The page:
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14 Why Social Search Is Rotting Our Brain

One of the things that I both loved and hated about the early days of search was that you would inadvertently stumble on to things you didn’t intend to find.

The results were sketchy sometimes and even humorous other times, but you would quite often learn something new quite by accident.

Today, with the reliance and dependability of search, we pretty much get exactly what Google thinks we are looking for – and I think that’s a problem.

The ramping of this idea of “social search” or giving us results based on where we’ve been before, where we are now, who we know and what our friends have +1’d is leading us further down the path where no real learning or discovery is even possible. (And this is not just if you click the social search icon, you can’t turn some elements of this off anymore.)

This idea doesn’t end with search either, it’s in news feeds and personalized results from places like Facebook as well.

The digital and social world has created an entire generation addicted to top 10 highlights, featured news snacks and stuff your friends have pinned.

Look, I know I’m as immersed in this world as any, but I think we’ve gone so far that it’s time to come back a bit – how about a search engine of that would take me to places I’ve never discovered?

I read a USAToday article recently (the original snack publication) that said colleges were concerned with the fact that attendance at college basketball games was down sharply. That seems odd given all the March Madness hype, media coverage and total fascination with being in the game no matter how much the tickets cost.

When the journalist writing the story dug into the statistics he found that most of retreat in attendance was from students enrolled in the colleges, even though in some cases student fees covered their tickets. When asked, many of college students admitted they found the highlights, tweets and video coverage a much better way to consume the content – which makes me wonder if we could just condense everything to highlights and not really ever play the real game or write the real book.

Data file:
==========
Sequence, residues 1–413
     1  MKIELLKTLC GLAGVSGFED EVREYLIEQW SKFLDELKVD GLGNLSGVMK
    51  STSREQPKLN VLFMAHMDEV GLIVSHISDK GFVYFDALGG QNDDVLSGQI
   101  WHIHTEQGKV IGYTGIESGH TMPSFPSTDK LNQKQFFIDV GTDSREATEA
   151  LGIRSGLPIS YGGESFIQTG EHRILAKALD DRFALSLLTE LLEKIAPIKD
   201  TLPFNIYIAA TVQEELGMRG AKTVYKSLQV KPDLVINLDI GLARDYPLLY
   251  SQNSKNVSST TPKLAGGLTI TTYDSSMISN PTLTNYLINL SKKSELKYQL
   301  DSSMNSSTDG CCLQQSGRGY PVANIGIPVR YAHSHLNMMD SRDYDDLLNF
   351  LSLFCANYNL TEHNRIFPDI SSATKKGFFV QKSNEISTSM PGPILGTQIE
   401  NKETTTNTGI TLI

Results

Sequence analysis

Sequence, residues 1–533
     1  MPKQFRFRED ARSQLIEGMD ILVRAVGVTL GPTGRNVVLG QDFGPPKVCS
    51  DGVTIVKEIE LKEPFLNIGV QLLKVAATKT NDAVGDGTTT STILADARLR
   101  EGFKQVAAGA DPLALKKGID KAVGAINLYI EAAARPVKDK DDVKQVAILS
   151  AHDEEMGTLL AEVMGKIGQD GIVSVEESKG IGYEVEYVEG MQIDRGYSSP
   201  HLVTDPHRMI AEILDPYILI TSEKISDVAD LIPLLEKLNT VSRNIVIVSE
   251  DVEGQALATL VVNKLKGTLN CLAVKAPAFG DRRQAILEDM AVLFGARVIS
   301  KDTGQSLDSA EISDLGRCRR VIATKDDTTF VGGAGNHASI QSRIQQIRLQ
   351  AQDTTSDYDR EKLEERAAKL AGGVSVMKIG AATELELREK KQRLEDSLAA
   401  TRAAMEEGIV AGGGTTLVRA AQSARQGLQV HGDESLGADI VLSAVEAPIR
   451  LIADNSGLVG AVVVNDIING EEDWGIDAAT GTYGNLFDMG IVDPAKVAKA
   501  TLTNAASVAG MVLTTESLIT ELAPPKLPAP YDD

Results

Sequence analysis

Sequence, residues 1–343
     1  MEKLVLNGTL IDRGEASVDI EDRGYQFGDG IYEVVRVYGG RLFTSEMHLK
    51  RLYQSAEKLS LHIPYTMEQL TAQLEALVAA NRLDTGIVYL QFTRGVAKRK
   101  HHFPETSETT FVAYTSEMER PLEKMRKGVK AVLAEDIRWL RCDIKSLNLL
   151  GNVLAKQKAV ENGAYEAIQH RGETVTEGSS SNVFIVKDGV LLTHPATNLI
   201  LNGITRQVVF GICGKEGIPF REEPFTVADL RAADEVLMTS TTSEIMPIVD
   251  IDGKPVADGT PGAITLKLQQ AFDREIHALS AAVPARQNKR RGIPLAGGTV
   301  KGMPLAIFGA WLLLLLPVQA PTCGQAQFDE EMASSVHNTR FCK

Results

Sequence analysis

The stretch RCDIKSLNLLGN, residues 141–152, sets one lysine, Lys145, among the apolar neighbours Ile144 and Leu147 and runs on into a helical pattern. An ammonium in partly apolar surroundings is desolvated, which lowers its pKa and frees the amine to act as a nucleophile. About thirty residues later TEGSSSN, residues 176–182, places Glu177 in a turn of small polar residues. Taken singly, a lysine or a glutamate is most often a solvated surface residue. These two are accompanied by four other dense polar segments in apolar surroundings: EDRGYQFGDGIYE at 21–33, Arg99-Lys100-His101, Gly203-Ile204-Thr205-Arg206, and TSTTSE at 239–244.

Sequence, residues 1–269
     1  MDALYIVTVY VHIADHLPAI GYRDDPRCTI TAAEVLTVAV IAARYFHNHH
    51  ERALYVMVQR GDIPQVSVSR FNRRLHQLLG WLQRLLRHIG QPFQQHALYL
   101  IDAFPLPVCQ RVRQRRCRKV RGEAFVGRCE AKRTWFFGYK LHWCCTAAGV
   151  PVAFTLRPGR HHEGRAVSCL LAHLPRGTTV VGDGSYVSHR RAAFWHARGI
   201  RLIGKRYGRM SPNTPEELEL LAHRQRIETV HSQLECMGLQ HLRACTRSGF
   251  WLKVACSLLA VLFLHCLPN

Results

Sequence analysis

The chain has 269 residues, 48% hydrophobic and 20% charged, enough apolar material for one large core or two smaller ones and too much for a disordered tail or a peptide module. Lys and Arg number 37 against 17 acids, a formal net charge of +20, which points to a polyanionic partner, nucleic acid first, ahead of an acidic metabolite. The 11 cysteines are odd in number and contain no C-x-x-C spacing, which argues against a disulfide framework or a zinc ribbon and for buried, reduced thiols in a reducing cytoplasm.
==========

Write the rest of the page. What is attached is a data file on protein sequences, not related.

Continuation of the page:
What personalized search is doing is giving people what they want and it’s turning the web, our link to entire planet of ideas and thought, into a tool that ensures we will never receive another original thought again. Into a tool that forces bite sized popular ideas onto our plate. And, into a tool that makes certain that only what our so-called friends purchase, do and say is relevant.

I talked to a researcher recently that said he was studying a group of 20 somethings and one of the questions was to identify how much time they spent online. He had to change the question because they didn’t know what he meant. Their online time was so omnipresent that they could no longer make a distinction between being online and not.

This is not going away and my guess is it will become even more pervasive, because, hey, that’s what we want, right?

Google and Facebook and every other tool that provides information doesn’t really care that you can’t see this going on and to me that’s the scary part. You’re no longer in charge of what you discover unless you take charge.